The Israeli government has announced that it is no longer opposed to the sale of “certain arms” to the United Arab Emirates. The abrupt announcement was made a day after Israeli Alternate Prime Minister and Defense Minister Benny Gantz visited the Pentagon.
While the joint statement, made by Gantz and Israeli Prime Minister Binyamin Netanyahu, does not specifically name any hardware, the reference to the UAE makes it all but certain that the opposition in question appears to be to the sale of F-35 Lightning IIs to the UAE.
The sudden reversal is the latest twist in the procurement saga, with the Israeli government publicly opposing the sale of F-35s to the UAE until now over concerns that the sale would erode Israel’s “qualitative military edge“. The UAE has sought to purchase F-35s following its signing of the Abraham Accords in August, which normalized ties between Israel and the UAE, breaking with regional history of Arab states refusing to diplomatically recognize Israel. However, Netanyahu has been previously accused of privately supporting the sale of F-35s to the UAE in exchange for additional American military equipment, something previously denied.
The Israeli announcement comes a day after Gantz signed a declaration with US Secretary of Defense Mark Esper, which “confirmed” the US’ commitment to ensuring Israel’s qualitative military edge for years to come. Gantz had hailed the signing of the declaration as a “major leap forward” for Israel’s security.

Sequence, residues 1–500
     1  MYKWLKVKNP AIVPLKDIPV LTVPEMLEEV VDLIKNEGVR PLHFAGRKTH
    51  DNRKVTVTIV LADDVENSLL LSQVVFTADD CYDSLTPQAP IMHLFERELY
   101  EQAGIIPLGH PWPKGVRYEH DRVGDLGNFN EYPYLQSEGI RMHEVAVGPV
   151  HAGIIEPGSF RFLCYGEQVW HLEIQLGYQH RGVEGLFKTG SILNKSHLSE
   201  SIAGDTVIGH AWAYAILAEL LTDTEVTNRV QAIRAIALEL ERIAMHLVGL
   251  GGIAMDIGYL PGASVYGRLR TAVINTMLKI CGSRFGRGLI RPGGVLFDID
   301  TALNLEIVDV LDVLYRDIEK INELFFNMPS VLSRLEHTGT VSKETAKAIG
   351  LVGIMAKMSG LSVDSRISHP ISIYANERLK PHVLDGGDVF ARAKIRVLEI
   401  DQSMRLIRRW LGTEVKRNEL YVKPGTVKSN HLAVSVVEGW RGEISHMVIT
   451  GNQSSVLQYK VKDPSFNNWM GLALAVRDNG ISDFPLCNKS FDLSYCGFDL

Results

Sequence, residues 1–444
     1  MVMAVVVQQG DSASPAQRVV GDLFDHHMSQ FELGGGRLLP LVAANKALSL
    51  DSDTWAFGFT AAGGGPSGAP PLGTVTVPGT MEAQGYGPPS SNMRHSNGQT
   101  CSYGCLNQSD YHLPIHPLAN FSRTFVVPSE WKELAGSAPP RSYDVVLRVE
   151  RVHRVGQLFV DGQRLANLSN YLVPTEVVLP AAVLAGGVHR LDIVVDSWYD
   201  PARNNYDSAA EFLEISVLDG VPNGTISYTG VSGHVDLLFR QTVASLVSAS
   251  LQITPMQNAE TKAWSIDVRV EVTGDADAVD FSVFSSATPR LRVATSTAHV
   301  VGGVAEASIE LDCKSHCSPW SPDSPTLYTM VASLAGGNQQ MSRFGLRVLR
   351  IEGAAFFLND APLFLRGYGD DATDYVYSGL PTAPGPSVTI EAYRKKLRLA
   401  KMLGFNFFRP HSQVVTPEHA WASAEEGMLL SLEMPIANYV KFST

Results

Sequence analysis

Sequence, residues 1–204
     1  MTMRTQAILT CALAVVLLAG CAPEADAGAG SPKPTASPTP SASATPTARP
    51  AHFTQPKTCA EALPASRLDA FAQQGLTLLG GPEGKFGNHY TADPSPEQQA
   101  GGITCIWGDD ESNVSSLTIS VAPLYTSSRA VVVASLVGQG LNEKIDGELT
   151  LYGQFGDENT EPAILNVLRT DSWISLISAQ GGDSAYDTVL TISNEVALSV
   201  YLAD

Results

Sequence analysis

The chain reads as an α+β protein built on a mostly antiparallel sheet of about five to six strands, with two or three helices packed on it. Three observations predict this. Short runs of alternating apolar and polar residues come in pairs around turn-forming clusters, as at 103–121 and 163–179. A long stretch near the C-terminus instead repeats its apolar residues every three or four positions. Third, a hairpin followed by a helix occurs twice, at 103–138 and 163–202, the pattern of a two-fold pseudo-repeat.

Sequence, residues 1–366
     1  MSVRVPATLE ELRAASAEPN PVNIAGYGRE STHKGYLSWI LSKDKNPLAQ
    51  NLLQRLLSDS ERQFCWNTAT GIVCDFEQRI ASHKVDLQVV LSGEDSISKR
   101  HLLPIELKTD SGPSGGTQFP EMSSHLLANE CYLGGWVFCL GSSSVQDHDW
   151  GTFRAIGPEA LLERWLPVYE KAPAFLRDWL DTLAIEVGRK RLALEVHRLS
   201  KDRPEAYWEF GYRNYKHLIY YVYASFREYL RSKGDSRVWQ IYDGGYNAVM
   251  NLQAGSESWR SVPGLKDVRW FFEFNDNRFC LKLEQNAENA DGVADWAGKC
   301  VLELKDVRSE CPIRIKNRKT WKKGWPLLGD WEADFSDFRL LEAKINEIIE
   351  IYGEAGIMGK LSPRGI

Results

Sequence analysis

Gantz had previously stated that negotiations with the UAE involving Israeli officials for the sale had been hidden from him and the Israeli defense establishment. However, in the interest of “achieving peace and regional stability”, an agreement was reached with the US that would see the supply of more advanced American military equipment in exchange for approval of the sale, after he had been notified during his visit that the Trump administration was likely to notify US Congress of the foreign military sale soon.
Congressional approval, however, remains an unknown, with a House of Representatives bill being proposed that would provide an Israeli veto of US sales of advanced military hardware to Middle Eastern countries. Additionally, Senate Democrats are similarly proposing a bill that would require the White House to produce an assessment of the impact of F-35 exports to the Middle East on Israel’s qualitative military edge.
The timing of the statement, coming after the announcement that Sudan would normalize ties with Israel on Friday and just before the beginning of the Jewish Sabbath, raises questions as to whether an attempt was made to bury the news. The Pentagon has yet to make an official statement on this latest development as well. With so many dramatic twists and turns over the past two months, predicting the future of this deal is extremely difficult indeed.